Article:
Coming to Cinemas March 19, 2021
Director: Craig William Macneill
Writer: Bryce Kass (Screenplay)
Starring: Chloe Sevigny, Kristen Stewart, Jeff Perry, Fiona Shaw, Jamey Sheridan, Tara Ochs, Kim Dickens
Plot: A psychological thriller based on the infamous 1892 murders of Lizzie Andrew Borden‘s family.
Tagline – The legend of Lizzie Borden.
Runtime: 1 Hour 45 Minutes
There may be spoilers in the rest of the review
Story: Lizzie starts as we meet the neglected Lizzie Borden (Sevigny) who is living in the shadow of her father Andrew (Sheridan) with her own health problems and nothing set up in her own future, a new maid Bridget Sullivan (Stewart) starts working in the house, she has nothing and finds herself needing to work just to make it through, getting closer to Lizzie during her employment.
The two become lovers and looks to escape this world together, finding their escape becoming one of the most famous incidents in history.
Thoughts on Lizzie
Final Thoughts – The Lizzie Borden story is one of the most famous stories in American history, it has had so many different points of view about what caused the murders, we get to look at another idea, one that dealt with abuse, which caused a breaking point for Lizzie, along with her lover being part of everything that went down. This does have a slow pace, which doesn’t seem to work for the story, making it feel very slow to watch, with characters that aren’t bought to life in the way we would imagine them to be. We do seem to get targeted to sympathise with Lizzie, supporting her decision to kill her parents, which whatever really happened, doesn’t feel justified by the action in this story. We can’t fault the performances, as they didn’t have too much to work with to make them stand out from any other version of the people and by the end it does feel like it runs for too long to bot get enough out of everything we see.
Director: Josh Boone
Writer: Josh Boone, Knate Lee (Screenplay)
Starring: Maisie Williams, Anya Taylor-Joy, Charlie Heaton, Alice Brage, Blue Hunt, Henry Zaga
Plot: Five young mutants, just discovering their abilities while held in a secret facility against their will, fight to escape their past sins and save themselves.
Tagline – There is something new to fear.
Runtime: 1 Hour 34 Minutes
There may be spoilers in the rest of the review
Story: The New Mutants starts when Dani Moonstar (Hunt) escapes from a disaster, which will see her awaken in a hospital run by Dr Reyes (Braga), Dani joins the rest of the patients, religious Rahne Sinclair (Williams), bad girl Illyana Rasputin (Taylor-Joy), small town boy Sam Guthrie (Heaton) and playboy Roberto da Costa (Zaga), in a hospital, where the five are learning to control their powers before returning to the world.
As Dani spends more time in the hospital, she finds herself and the other patients needing to face the demons which have caused their power to come out, forcing them into a deadly situation.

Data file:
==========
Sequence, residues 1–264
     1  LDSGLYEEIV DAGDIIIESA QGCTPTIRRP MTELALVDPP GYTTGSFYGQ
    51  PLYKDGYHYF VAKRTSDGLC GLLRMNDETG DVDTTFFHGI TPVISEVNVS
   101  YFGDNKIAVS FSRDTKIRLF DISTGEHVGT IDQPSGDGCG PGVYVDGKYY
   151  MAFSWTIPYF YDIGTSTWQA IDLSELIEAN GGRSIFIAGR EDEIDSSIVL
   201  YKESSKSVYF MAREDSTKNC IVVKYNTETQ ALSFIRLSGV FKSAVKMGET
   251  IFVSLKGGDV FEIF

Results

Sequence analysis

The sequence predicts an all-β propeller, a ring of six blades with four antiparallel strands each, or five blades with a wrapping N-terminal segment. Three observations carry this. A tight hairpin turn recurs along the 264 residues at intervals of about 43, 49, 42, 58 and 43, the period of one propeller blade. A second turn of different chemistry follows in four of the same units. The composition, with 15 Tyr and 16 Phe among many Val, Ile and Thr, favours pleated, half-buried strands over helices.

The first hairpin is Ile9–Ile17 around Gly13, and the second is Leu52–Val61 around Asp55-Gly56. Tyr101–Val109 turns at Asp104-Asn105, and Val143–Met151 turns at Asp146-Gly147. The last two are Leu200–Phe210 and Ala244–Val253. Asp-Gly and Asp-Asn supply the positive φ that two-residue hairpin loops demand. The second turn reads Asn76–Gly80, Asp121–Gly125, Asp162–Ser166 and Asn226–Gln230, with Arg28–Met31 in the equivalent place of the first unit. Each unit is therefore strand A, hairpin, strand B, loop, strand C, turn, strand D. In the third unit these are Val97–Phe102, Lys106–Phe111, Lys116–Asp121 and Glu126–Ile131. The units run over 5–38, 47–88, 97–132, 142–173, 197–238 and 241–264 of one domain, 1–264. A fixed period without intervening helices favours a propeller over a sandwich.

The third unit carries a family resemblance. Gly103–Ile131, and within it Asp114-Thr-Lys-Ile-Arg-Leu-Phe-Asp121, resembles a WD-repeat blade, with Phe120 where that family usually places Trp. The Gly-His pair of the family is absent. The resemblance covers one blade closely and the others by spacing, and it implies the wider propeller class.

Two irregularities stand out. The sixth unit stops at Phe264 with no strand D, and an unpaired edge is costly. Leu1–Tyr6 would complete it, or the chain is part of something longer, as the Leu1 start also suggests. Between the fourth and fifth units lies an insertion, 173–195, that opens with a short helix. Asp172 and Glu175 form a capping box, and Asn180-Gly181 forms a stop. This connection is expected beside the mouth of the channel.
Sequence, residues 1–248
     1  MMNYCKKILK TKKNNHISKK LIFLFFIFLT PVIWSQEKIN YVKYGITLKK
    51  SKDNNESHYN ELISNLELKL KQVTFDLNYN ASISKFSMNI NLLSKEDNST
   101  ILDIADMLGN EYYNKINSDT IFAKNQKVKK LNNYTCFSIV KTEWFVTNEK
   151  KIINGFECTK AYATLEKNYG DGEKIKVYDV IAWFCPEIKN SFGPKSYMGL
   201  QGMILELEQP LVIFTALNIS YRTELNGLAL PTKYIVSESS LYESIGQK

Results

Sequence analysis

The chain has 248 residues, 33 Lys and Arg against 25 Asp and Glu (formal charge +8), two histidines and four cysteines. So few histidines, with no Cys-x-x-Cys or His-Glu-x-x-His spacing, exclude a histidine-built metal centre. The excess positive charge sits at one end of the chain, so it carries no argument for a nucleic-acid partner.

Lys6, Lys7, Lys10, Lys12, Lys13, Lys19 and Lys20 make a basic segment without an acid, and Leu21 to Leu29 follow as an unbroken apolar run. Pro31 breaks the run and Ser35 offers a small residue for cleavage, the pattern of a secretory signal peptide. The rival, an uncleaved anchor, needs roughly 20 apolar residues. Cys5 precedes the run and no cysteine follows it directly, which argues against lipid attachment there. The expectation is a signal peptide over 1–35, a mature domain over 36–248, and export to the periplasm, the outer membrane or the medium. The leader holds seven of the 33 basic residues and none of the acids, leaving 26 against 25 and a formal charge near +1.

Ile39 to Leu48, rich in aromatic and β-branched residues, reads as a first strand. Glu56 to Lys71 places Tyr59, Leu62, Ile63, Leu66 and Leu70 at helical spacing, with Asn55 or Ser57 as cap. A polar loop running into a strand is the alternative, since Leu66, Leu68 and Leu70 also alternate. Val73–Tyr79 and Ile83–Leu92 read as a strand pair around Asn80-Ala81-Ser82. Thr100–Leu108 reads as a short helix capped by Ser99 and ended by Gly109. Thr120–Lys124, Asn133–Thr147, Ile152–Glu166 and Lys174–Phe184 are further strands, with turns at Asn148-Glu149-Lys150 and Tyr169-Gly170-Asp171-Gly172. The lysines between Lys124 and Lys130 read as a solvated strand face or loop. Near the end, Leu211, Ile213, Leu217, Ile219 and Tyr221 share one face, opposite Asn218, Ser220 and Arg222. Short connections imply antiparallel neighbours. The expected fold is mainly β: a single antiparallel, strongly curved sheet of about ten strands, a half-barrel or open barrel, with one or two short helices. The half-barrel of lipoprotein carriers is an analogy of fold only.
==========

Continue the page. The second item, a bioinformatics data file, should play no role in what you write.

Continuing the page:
Thoughts on The New Mutants
Characters & Performances – Dani Moonstar has seen her whole family killed in an incident, seeing her admitted to a small hospital with four other young people, here she must first look to fit in with the other young people, before learning to control her powers, which will see her becoming the main target, as she learns about her own powers. Blu Hunt in this role, does give us the role which is the introduction to this world. Rahna Sinclair is the shy religious patient, she helps Dani fit in around the hospital, being the friend, she needs, while dealing with her own past, which is why she is there in the first place. Maisie Williams does give this character the calmness and difference to the Anya Taylor-Joy flirty figure. Illyana Rasputin is the bad girl of the group, she isn’t as welcoming of Dani and wants to keep her secrets away from the rest, her powers are the most interesting and the one you want to see more off in the future. Anya Taylor-Joy does the acting part of the film well, adding all the mystery to her character, only her accent slips in and out through the film. Sam and Roberto complete the patients line up, both seem to be very similar in how they both want to stay away from anyone, brooding more than anything else. Both Charlie Heaton and Henry Zaga do well in this role without getting the big moment the women seem to. Dr Reyes is running the hospital, seemingly on her own, she tries to friend the patients, while trying to guide them to unleash their powers. Alice Braga does bring the friendly persona to this role well, but struggles with her characters true side.
Story – The story here follows a teenager that survivors an incident that will see her heading to a hospital with other young people, each with their own traumas, a place where they are prepared to see what their powers can do to the world, until they start suffering horrific nightmares. While this story might well have gone through development nightmares, it does bring a fresh approach to an X-Men movie, showing us just how dark the world could be for young mutants, who are only just learning about their powers, under the wrong people and need to learn to harness their powers. We do get to dive into the history of what has driven the youngster to this location, showing just how they never knew what to do with what happened. The format of the story is everything you would expect from a horror, where things slowly start getting worse for the characters too.
Themes – The New Mutants takes us to the singular location of the hospital, looking to use this to show the containment the characters find themselves in, we get a lot of horror elements here with the character’s greatest fears coming to life, which each one looking more terrifying as the levels intensify. When it comes to the main big fight, we get a clever creation for Illyana’s skills, which is easily the most interesting part of the film.